Improving the prime sieve code#

An inefficiency with our code is that we compute the prime numbers using two data structures. This wastes memory, but also means we need to check if a values already exists in crossed_out twice. The second check is needed to make sure we aren’t needlessly appending an already crossed out prime number.

The function prime_sieve2 delivers the same results as prime_sieve, but more efficiently. The primary source of this saving is by designing our code so that we required only one list.

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# imports and test cases
import math

n_primes = {10 : 4,                 
            100 : 25,               
            1000 : 168,
            10000 : 1229,
            100000 : 9592,
            1000000 : 78498,
            10000000 : 664579}
def prime_sieve2(n):
    # We will use boolean's here instead of ints
    candidates = [True] * (n + 1)
    candidates[0] = candidates[1] = False
    limit = int(math.sqrt(n)) + 1    
    for i in range(2, limit): 
        if candidates[i]:
            candidates[i+i::i] = [False] * ((n - i) // i)
    return [i for i in range(n+1) if candidates[i]]        
print(len(prime_sieve2(100)) == n_primes[100])
print(len(prime_sieve2(1000)) == n_primes[1000])
%timeit prime_sieve2(1000)
64 µs ± 1.01 µs per loop (mean ± std. dev. of 7 runs, 10000 loops each)

Does the time saving matter?#

You should see a substantial reduction in computational overhead of prime_sieve2. We are now finding the primes under 1000 in microseconds (µs) as opposed milliseconds in our naive implementation (1 µs = 1000ms!).

Some of you might be thinking “both procedures give the same results and execution takes under a second. So does this type of optimisation matter?” To answer that question let’s compute primes under 10,000. You should now see a much bigger difference with our naive function returning in around a second while prime_sieve2 is still in µs (on my machine still below half a millsecond).

When first writing this section I first tested prime_sieve with n=1_000_000. Needless to say, I quickly decided to use an example of 10,000 instead! When you fancy a cup of tea or coffee set n=1_000_000 and come back after your break to see an enourmous difference in performance!

Hide code cell source
# original function
def prime_sieve(n):
    Compute the prime numbers between 1 and n.
    Naive implementation of the Sieve of Eratosthenes.
    n: int
        The upper limit
        a list of primes
    # a list of candidate numbers to sieve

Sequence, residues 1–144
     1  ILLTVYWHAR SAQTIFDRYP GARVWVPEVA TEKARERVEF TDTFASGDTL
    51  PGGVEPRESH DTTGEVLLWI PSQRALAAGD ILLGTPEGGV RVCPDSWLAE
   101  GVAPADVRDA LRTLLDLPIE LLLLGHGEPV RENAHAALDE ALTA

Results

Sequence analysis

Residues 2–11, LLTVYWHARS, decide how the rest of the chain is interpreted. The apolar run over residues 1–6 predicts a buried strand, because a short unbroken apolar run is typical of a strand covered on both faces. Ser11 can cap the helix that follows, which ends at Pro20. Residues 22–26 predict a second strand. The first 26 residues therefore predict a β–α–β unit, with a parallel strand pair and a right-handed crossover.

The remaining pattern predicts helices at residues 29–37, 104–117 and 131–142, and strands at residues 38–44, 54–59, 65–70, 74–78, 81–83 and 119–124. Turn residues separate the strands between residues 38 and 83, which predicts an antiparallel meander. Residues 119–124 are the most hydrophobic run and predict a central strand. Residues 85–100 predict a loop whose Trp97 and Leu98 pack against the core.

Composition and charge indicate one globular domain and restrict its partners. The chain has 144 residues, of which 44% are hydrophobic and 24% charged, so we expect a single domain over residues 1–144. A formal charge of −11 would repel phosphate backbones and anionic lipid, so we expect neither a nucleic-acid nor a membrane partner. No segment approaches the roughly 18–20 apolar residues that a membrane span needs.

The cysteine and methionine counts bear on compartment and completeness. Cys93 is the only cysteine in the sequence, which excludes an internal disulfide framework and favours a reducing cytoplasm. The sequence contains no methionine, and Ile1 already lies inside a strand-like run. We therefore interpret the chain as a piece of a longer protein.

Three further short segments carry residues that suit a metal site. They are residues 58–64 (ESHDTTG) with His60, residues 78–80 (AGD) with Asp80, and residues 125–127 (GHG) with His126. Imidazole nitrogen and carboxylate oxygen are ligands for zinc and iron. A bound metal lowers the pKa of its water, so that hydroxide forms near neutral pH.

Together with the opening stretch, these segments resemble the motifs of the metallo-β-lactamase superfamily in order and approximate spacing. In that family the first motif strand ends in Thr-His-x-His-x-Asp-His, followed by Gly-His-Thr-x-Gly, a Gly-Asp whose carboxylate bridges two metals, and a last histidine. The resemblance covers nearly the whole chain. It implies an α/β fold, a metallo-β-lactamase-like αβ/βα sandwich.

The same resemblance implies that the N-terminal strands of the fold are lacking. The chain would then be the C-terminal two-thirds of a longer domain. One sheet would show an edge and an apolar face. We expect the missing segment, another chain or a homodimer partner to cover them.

candidates = [i for i in range(n + 1)]
    # a list of numbered eliminated from consideration
    crossed_out = [0, 1]
    # maximum iterations required
    limit = int(math.sqrt(n)) + 1
    for i in range(2, limit):
         for j in range(i+i, n+1, i):              
                if not candidates[j] in crossed_out:
    return [i for i in candidates if i not in crossed_out]   
%timeit len(prime_sieve(TEN_THOUSAND))
2.62 s ± 46.9 ms per loop (mean ± std. dev. of 7 runs, 1 loop each)
%timeit len(prime_sieve2(TEN_THOUSAND))
609 µs ± 11.3 µs per loop (mean ± std. dev. of 7 runs, 1000 loops each)

Taking a look at the redesign#

The redesigned implementation only has single list candidates: its contains only bool values. In python that won’t make much, if any, difference to memory usage, as bool is really a special type of int. But its a nice simplification as we the index of the list item gives us our factor. This modification provides our biggest speed up. Each time we ‘cross out’ a number e.g. i we simply set candidate[i] = False. (We don’t bother checking as we are not appending to a second list). At the end of the function any items that are still True are the primes.

Don’t believe me about int and bool? Try executing (True + 4).

The second change might be considered a ‘micro optimisation’. I.e. list slicing in favour of an inner for loop.

candidates[i+i::i] = [False] * ((n - i) // i)

Here we start at the current index + one factor ahead e.g. if i=2 then we start at index i+i=4 and select items in steps of i=2 all the way to the end candidates[i+i::i] (Note we could also have used candidates[i+i:n+1:i]). In general, a slice will be faster than looping over the list. Here’s a simpler example of list slicing with a step:

list_to_slice = [i for i in range(31)]
[4, 6, 8, 10, 12, 14, 16, 18, 20, 22, 24, 26, 28, 30]